https://www.flightglobal.com/pdfarchive/view/1940/1940%20-%201777.html
https://www.flightglobal.com/pdfarchive/view/1940/1940%20-%201778.html
https://www.flightglobal.com/pdfarchive/view/1940/1940%20-%201779.html
https://www.flightglobal.com/pdfarchive/view/1940/1940%20-%201780.html
 

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Schneiderman

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We should be a little careful referring to the various aircraft in this thread as designs or projects. Roxbee Cox and Coombes (both from the RAE) presented them simply as concepts to illustrate their contention that the future lay with flying-wing aircraft and, for large aircraft, with flying boats. Their patent, using an early flying-wing concept as the basis, covers retractable step and wingtips. The concepts shown by Hesham above come, as you can see, from Roxbee Cox's Wilbut Wright Memorial Lecture to the RAeS entitled LOOKING FORWARD: Prolegomena for a Detailed Study of the Future of British Civil Aviation and are just illustrative of possible future directions.
 

hesham

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Schneiderman said:
We should be a little careful referring to the various aircraft in this thread as designs or projects. Roxbee Cox and Coombes (both from the RAE) presented them simply as concepts to illustrate their contention that the future lay with flying-wing aircraft and, for large aircraft, with flying boats. Their patent, using an early flying-wing concept as the basis, covers retractable step and wingtips. The concepts shown by Hesham above come, as you can see, from Roxbee Cox's Wilbut Wright Memorial Lecture to the RAeS entitled LOOKING FORWARD: Prolegomena for a Detailed Study of the Future of British Civil Aviation and are just illustrative of possible future directions.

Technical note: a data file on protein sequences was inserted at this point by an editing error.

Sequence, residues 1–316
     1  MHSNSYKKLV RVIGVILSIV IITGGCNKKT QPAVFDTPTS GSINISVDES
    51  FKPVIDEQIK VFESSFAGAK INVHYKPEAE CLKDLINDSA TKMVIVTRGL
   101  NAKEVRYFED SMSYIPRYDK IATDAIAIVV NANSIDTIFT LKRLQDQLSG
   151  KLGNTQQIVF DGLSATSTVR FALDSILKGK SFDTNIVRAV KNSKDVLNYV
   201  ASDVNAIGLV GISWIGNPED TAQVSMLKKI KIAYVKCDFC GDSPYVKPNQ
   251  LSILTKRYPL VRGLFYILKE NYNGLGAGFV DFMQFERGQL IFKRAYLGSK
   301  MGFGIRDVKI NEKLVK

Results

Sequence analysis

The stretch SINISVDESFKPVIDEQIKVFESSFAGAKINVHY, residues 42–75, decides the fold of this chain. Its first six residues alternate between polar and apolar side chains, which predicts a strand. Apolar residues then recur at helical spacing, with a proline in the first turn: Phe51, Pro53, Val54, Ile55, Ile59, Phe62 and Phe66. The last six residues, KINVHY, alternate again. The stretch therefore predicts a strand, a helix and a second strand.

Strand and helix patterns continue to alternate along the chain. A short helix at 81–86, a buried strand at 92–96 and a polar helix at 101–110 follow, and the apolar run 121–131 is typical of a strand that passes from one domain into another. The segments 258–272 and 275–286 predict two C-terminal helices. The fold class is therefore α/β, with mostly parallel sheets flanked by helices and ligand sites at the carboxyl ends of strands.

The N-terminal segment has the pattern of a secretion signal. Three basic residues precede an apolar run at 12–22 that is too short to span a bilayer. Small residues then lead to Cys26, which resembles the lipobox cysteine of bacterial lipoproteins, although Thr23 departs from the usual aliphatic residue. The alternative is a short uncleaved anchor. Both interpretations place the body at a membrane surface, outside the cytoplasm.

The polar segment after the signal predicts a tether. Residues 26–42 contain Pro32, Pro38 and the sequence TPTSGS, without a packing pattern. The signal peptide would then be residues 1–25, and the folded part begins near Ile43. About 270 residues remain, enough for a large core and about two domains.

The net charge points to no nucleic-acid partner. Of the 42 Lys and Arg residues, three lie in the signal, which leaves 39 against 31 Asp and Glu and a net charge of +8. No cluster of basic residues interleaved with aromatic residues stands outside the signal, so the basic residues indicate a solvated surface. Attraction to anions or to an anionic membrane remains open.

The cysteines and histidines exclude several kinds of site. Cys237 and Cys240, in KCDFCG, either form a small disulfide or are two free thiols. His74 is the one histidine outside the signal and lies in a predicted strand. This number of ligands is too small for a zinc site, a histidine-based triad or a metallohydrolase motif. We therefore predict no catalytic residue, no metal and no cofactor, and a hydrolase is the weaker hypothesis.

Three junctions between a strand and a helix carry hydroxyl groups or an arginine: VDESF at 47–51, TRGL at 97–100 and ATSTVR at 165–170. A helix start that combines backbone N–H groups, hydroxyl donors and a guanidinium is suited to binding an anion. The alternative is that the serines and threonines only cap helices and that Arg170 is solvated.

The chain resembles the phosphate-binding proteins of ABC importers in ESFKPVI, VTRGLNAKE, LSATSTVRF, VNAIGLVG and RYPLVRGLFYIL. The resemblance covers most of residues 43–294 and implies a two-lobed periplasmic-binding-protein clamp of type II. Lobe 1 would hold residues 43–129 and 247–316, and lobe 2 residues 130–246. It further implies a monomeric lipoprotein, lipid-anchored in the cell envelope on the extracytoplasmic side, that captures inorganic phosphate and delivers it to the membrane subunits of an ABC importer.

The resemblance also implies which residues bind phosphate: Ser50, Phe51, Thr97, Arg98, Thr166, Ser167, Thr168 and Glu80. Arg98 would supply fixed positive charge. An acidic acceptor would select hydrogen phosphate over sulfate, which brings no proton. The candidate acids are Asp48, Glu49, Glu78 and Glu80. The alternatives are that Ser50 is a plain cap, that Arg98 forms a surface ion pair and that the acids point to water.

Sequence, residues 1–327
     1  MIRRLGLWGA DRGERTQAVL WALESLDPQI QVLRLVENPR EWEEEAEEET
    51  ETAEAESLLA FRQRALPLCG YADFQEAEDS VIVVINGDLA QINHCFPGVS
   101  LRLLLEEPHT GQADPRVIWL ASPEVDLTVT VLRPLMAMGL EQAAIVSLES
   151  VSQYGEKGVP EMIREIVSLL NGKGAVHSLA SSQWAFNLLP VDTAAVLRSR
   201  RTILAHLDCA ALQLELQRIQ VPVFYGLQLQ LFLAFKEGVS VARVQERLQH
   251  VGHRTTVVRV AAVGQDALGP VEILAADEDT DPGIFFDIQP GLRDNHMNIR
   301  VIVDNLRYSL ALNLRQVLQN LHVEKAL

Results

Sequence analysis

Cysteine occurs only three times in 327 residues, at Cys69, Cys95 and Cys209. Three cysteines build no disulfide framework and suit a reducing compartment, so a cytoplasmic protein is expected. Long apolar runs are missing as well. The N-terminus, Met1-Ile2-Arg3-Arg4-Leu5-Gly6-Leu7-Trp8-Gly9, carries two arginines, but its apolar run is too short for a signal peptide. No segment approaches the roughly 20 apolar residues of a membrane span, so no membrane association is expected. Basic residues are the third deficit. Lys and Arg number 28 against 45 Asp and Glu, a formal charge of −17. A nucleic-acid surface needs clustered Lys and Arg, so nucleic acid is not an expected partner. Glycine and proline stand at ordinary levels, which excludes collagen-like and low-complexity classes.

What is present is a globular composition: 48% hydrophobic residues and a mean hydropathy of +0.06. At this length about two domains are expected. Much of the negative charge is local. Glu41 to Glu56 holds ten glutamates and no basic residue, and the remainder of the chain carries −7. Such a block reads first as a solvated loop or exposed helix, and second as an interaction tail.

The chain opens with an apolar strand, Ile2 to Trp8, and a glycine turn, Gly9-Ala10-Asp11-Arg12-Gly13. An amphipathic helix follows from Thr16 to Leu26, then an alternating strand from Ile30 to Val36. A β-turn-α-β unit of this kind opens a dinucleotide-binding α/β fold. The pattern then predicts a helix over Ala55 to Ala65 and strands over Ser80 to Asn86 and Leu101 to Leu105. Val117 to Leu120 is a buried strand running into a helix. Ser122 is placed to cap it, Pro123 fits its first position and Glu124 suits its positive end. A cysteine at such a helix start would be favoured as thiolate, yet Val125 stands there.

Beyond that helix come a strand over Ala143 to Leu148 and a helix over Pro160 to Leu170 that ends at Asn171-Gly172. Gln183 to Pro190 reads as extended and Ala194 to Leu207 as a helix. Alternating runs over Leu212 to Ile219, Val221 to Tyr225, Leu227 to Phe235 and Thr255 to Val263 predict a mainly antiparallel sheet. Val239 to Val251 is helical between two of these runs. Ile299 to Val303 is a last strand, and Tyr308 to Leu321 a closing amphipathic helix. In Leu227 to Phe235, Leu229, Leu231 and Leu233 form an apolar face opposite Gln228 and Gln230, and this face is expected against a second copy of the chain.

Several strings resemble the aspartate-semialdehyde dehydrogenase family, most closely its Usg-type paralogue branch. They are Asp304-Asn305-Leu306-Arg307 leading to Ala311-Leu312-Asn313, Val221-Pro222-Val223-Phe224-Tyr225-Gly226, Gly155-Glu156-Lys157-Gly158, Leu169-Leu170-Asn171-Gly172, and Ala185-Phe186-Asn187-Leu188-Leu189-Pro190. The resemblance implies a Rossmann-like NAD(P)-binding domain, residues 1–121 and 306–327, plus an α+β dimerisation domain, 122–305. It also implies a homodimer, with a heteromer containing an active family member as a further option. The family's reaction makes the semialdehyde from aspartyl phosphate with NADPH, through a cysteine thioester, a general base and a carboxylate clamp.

Of course those were a hypothetical designs,the article said that originally.
 

Schneiderman

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I'm not sure that hypothetical is quite the right term. They are just illustrations of how the authors suggest design styles could evolve in an attempt to reduce drag; moving towards a pure flying wing and embedded engines. Some of the posts here requesting more details seem to overlook this point.
As such I wonder whether this thread belongs in Early Aircraft Projects; firstly as they were never intended to be projects and secondly as they are visualisations of possible future (i.e.post war) trends.
 

riggerrob

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Jemiba said:
" .with an unlimited take-off run.."
................................